6 -- Years without losing a match on grass. Federer won 65 straight matches on his favorite surface between a first-round loss at Wimbledon 2002 and last year's final.
7 -- Consecutive years with at least one Grand Slam title. Only Borg (1974-81) and Sampras (1993-2000) have longer runs, which Federer can match in 2010.
8 -- Losses suffered throughout his streak of 21 consecutive appearances in Grand Slam semifinals.
9 -- Career ATP singles titles on clay, traditionally his weakest surface.
10 -- Consecutive Grand Slam finals reached between Wimbledon 2005 and the '07 U.S. Open, a record. Federer also owns the second-longest streak, his current run of six from the '07 French Open through Wimbledon '09.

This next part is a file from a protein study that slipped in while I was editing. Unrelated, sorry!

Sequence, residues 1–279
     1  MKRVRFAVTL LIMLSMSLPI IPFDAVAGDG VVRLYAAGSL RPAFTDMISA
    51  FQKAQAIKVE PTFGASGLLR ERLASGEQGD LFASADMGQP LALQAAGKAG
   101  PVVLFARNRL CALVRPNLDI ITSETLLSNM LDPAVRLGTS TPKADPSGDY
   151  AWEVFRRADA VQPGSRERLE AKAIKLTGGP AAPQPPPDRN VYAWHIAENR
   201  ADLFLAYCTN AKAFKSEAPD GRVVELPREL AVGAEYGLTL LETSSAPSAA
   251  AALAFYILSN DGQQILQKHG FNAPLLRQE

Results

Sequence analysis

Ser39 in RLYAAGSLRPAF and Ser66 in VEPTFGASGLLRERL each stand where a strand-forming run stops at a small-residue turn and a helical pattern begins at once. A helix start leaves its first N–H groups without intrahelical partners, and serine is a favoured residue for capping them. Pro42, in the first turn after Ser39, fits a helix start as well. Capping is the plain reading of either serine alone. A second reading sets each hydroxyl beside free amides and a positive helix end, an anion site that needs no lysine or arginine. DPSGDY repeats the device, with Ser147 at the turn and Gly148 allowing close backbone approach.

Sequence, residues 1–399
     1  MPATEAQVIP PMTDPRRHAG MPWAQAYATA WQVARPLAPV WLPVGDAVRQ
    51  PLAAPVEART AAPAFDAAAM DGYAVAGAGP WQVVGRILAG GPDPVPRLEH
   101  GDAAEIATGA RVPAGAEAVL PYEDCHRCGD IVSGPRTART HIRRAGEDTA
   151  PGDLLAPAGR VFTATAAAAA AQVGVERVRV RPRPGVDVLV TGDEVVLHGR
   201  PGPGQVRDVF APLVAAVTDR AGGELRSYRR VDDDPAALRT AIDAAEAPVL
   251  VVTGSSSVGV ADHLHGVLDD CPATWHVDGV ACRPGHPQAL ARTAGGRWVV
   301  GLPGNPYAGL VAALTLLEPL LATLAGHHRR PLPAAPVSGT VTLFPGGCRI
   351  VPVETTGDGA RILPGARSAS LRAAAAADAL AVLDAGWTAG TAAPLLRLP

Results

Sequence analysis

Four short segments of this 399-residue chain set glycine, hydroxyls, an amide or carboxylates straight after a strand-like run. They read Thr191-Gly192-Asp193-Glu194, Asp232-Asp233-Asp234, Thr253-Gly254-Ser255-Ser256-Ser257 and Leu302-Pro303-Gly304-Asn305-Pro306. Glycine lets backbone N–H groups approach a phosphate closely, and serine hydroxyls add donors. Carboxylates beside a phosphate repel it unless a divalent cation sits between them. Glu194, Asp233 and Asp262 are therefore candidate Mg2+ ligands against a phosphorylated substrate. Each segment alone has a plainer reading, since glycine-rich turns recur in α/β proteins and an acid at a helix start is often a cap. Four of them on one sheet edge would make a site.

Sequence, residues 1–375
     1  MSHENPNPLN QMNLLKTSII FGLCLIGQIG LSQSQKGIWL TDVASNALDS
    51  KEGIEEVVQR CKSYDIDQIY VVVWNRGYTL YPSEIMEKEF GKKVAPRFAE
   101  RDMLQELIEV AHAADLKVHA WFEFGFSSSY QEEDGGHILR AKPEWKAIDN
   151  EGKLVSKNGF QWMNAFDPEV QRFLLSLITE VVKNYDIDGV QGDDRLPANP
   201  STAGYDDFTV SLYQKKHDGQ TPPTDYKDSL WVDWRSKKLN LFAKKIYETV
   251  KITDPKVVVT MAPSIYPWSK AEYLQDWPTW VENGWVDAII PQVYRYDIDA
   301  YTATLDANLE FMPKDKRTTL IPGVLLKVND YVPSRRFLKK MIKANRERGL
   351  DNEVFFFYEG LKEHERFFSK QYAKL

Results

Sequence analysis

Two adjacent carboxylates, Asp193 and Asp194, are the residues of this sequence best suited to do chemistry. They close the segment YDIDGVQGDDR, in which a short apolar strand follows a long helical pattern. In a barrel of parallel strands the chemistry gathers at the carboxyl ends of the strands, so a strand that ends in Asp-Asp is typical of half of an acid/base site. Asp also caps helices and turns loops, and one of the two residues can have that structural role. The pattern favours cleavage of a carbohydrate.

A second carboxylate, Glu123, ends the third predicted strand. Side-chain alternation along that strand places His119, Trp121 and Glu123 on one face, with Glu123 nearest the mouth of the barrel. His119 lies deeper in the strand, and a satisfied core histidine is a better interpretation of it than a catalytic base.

11 -- Grand Slam titles won from 2004 through '07, an all-time record for major titles in a four-year span (male or female).
17 -- Countries where Federer has won ATP singles titles: Australia, Austria, Canada, People's Republic of China, England, France, Germany, Italy, Japan, the Netherlands, Portugal, Qatar, Spain, Switzerland, Thailand, United Arab Emirates and the United States.
18 -- Consecutive Grand Slam tournaments where Federer was seeded No. 1 from the '04 French Open through '08 Wimbledon, a record.
20 -- Appearances in Grand Slam singles finals, where he's 15-5. Ivan Lendl (19) held the all-time mark until this year.
21 -- Consecutive appearances in Grand Slam semifinals, perhaps the most extraordinary metric of Federer's otherworldly consistency.
24 -- Appearances in the finals of ATP Masters Series events, a record. His 15 victories in these prestigious tournaments ranks second all-time to Agassi (17).